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Nov 28, 2012
We transgender people never have had a good relationship with the Human Rights Campaign, due to them being an organization catering only to the issues which are most important to white, able-bodied, privileged cisgender gay males, in fact, all of HRC’s presidents have been such.
Well, just recently, HRC released a Municipal Equality Index, showcasing cities which have supposed LGBT policies and creating a scorecard based on various city policies or the lack thereof. Well, take a look at what they consider “bonus points”
Logistically, not all criteria are achievable by all cities at this time. Bonus Points are awarded for such criteria so that cities without the capacity to achieve them are not penalized.
-Grossing Up of Employee Benefits
-Health Benefits are Transgender Inclusive
-Municipality is a Welcoming Place to Work
What, may I ask, makes it unfeasible for cities to make their health benefits trans* inclusive? It can’t be cost, because when Portland, Oregon made their benefits trans inclusive, it was projected to only cost a fraction of a percent of the total municipal healthcare budget. While the MEI does receive some credit for weighting non-discrimination based on sexual orientation and gender identity equally (and basing it on housing, employment, and public accomodations equally), the only benefits which are in the non-bonus scoring criteria are related to domestic partnerships.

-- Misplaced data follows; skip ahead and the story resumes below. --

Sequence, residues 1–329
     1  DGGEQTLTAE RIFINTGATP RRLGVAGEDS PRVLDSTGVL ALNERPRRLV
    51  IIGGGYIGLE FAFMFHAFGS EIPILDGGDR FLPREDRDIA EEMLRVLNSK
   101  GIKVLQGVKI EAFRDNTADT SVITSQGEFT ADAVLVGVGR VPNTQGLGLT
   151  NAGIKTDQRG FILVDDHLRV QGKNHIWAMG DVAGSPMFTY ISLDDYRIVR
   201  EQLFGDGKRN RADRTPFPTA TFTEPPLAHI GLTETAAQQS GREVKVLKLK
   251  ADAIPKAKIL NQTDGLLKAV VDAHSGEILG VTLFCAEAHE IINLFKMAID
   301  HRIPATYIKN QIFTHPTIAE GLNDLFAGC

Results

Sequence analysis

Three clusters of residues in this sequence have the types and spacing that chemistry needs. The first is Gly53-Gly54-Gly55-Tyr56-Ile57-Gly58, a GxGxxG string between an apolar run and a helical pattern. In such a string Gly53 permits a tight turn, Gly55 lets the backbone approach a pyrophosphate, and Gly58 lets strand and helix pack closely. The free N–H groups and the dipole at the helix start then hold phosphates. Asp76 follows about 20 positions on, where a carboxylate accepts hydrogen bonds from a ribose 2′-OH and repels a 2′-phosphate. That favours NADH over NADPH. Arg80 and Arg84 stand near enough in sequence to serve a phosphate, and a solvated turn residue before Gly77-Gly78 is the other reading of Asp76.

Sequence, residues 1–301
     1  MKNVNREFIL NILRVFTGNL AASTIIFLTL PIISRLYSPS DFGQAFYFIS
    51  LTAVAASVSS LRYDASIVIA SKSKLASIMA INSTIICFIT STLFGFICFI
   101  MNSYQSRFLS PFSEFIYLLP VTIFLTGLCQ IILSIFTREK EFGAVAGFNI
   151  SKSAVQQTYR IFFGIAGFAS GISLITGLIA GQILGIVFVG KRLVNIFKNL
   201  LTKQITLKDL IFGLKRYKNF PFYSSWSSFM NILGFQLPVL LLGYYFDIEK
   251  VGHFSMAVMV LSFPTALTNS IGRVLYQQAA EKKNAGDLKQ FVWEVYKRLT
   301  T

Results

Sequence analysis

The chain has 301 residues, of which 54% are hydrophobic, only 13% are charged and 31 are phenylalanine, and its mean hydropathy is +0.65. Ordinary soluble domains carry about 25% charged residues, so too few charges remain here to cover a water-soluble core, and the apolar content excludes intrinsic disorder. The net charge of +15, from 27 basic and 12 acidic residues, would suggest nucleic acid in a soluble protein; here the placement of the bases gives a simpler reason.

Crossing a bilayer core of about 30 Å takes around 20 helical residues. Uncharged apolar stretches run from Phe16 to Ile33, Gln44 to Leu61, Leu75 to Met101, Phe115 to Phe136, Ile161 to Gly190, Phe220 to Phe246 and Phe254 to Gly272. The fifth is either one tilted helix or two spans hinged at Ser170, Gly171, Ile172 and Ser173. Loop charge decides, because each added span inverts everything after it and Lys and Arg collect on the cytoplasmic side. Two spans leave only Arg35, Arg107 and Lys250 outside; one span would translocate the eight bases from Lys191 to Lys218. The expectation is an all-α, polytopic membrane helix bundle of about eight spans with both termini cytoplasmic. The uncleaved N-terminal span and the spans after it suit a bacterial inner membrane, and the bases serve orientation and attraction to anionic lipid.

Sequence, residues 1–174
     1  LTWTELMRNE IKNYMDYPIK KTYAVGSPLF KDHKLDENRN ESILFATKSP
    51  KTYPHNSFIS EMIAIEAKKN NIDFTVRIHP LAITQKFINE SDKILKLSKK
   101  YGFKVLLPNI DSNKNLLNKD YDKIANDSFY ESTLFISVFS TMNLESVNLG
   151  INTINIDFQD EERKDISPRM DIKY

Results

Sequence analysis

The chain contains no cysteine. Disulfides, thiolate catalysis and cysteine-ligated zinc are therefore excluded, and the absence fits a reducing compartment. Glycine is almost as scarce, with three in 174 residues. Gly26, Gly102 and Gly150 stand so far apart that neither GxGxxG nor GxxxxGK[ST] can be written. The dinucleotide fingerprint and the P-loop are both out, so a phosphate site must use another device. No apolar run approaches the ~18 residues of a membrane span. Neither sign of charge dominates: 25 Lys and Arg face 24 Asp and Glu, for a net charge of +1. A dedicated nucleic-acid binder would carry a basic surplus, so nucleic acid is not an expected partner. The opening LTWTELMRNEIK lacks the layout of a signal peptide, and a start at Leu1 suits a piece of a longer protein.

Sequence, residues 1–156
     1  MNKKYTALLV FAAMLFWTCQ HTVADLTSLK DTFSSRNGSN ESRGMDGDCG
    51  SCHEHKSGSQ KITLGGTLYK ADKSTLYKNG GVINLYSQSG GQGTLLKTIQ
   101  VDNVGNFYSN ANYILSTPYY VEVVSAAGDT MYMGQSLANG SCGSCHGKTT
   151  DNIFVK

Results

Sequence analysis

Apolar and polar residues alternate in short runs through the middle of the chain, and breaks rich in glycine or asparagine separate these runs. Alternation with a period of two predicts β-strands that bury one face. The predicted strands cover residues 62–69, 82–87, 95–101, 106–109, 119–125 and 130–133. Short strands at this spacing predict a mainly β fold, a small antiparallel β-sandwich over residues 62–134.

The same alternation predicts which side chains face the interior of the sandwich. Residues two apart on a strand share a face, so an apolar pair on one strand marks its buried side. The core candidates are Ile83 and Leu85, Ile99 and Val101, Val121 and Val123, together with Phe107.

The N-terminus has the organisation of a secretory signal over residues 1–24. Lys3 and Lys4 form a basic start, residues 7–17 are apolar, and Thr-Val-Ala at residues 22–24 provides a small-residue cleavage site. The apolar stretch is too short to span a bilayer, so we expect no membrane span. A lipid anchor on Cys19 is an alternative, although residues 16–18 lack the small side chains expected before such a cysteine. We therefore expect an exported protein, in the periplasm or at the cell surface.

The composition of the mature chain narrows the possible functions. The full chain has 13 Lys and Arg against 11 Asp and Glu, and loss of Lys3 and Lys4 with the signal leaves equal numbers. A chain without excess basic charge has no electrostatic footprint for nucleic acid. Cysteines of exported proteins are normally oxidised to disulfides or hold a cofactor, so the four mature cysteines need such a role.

I have always held, due to my belief that anti-discrimination must be a greater priority than marriage equality, that the single person must be made whole before they embark on a relationship with someone else, and that in terms of the sphere of public policy, the same consideration should be made. Not to knock domestic partner benefits (after all, I identify as a lesbian), but the criteria for a perfect score tends to privilege relationships over a single individual’s needs. I myself believe that the heavy weighting towards the cis-LGB issues not only signifies trans* erasure, but is also ableist as well (due to numerous mental issues that will not be discussed here, I will admit very openly that I am in no position for a relationship).
One must also consider issues of homelessness as well. Not only do trans* people suffer in a shelter system which is often transphobic, but cis-LGB couples and even singles also face significant prejudice in the system. I believe that those cities that have affirming policies addressing the issue need to be given points as well, and other issues which are too numerous to name here.
Right now, here in Philadelphia, the cis-LGB portion of our community are over the moon that we got such a high score (100 points). However, there is a lot of work to be done, and this publication may hinder the work that needs to be done due to complacency generated by such a compliment.
-Jordan Gwendolyn DavisCategories: Health Care, LGBT Health and Rights, Social Justice and Human Rights, Transgender Issues, Young People